Travels Without a Donkey

Since it was raining and we pretty tired, we decided to be snooty tonight and sleep in town. A large white farmhouse announced rooms, and we went inquiring. An old farmer, very thin and tall, with scant gray hair and blue eyes, came to the door and asked us in. Yes, they had rooms. He called in a quavery voice: “Hattie! Hattie! Here’s some boys wants a room for the night.” We went into a warm, deliciously warm kitchen, and there was Hattie, with her white hair piled high on her head, and her inquisitive, half-startled smile. All this, the warmth and homeliness of the kitchen, the vague scents of hay and of apples, and the two old folks, were the essence of one part of New England, just as quiet woods and hills were the essence of another part.

Hattie was very much interested in what we were doing. She wanted to know the details of our life out-of-doors. Her voice was gentle, a little cracked and weary, but there was a ring of wisdom and understanding in it.

“I see,” she said, “you just go where you want to, sleep when you want to…”

Gaily she mocked her husband because he had taken me for a boy. “Why, I could tell right away you warn’t no boy,” she said.

The old man wanted to know where we had come from; and when we told him about our trip through from Indian Pond, he shook his head cynically and murmured: “Aye, a bit o’ fussy doon, that! Real fussy doon.” We wanted his advice, as that of one to whom all this country was an open book, on the best way of getting up Dead River. He had logged hereabouts all his life. He pawed over our maps, marked them for us obligingly, but it was plain he felt scorn for these civilized trappings.

“You folks got a lot o’ maps,” he half protested. And then he admitted grudgingly: “Most of ’em’s pretty near right, too.”

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There was scarcely any “fussy doon” at all along Dead River. A little shadow-flecked road; a deserted lumber camp the first night; next day the little road again. At noon we took a bath in a swirling rocky pool, along with some very young trout. The second night we camped beside a basin deep enough to swim in. The current was about as swift as we were, and we laughed at the sensation of swimming vigorously and staying in the same place, like fish that poise on flickering fins, heads upstream. The river slid under our naked bellies.

Dead River Dam, at about noon the third day. We ate lunch, and surveyed the country with mistrust. Above the dam were six long miles of deadwater, with frightful tangled marsh on each side.

“What did old Kennedy say we should do here?”

“He said we could find a trail over those hills–but that seems pretty roundabout. I think I’ve got a better idea.”

“Another of your inspirations?”

He pointed to a curious object on the muddy bank: three logs nailed together with a plank across them at each end, lashed with rotten rope. “Remains of a raft,” he observed. “We’ll fix it up and paddle up this confounded deadwater!”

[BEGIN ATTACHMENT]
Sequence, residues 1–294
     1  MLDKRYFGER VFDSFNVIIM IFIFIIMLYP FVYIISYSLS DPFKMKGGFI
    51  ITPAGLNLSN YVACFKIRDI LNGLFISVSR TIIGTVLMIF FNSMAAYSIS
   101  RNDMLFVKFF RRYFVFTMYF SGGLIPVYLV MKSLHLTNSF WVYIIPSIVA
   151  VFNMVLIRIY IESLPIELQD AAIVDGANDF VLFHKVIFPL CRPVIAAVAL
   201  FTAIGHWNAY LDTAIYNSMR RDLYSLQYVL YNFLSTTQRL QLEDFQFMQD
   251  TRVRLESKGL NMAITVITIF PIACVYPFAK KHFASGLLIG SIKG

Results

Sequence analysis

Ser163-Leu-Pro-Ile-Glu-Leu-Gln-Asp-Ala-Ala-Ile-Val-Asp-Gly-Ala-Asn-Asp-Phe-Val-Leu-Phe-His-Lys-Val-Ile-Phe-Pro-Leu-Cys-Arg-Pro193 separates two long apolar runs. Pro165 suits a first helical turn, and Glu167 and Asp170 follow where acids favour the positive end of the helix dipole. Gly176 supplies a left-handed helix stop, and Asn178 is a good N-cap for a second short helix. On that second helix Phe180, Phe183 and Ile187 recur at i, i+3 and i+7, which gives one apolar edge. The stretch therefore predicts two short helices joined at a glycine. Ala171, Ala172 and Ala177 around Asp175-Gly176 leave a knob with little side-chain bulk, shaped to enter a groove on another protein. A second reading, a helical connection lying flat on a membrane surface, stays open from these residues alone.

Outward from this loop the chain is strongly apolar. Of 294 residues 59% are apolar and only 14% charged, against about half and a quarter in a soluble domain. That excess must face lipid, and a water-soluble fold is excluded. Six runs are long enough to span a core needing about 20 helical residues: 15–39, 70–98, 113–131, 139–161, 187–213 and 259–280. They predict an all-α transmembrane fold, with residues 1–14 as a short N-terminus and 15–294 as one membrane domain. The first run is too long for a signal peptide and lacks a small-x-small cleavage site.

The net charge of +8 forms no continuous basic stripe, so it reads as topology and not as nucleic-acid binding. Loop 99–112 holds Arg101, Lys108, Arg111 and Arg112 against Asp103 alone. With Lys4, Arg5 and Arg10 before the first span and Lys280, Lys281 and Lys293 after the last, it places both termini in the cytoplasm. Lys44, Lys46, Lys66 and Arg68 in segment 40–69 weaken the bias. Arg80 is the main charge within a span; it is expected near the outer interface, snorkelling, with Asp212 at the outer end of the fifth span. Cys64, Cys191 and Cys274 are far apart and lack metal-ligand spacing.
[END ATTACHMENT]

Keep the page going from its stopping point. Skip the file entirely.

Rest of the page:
We looked around, and gathered together some more planks and a few rusty spikes; and with these unpromising materials Nick contrived a very creditable raft. His performance was so deft and rapid that it had a touch of the black arts, and I eyed the craft with some suspicion.

“Handsome creature. What’ll we call her?”

“‘Quinquireme of Nineveh from distant Ophir,'” he chanted, “‘Rowing home to haven… ‘”

“But she can’t be a quinquireme,” I protested, “with two paddles.”

“Never mind–that’s what we’ll call her. Make us feel as if we had lots of power aboard.”

We stood around and admired the quinquireme for a while; then put the duffle aboard, got aboard ourselves–she wabbled–and shoved off from the bank–she wabbled–paddling hard with some planks.

“She wabbles,” I protested.

“Never mind about that,” said Nick. “Paddle. See ‘f we can make her move.”

We couldn’t. “We’ll wear ourselves out before we get her any six miles,” I mourned.

“Maybe poles would work better. We could get some traction on the bottom then.”

Poles did work better. The bank, grayish mud, sloped off steep, so we were able to keep close to it without getting stuck too often. I stood forrad, Nick aft, and we pulled and shoved strenuously; but no matter how hard we labored, the quinquireme would not be hurried. Come nightfall we were still far from the end of the deadwater, so there was nothing for it but to camp. We picked a place where the bank was fairly high–a little above the swamp level.

“Sing me to sleep, lullaby of the — mosquitoes,” Nick intoned drowsily, as vagrant airplanes howled outside the black netting. “Lord, I’m weary.”

“Maybe it would have been less strenuous to go round over the hills, after all,” I suggested.

“But not so much fun.”

“Course not.”

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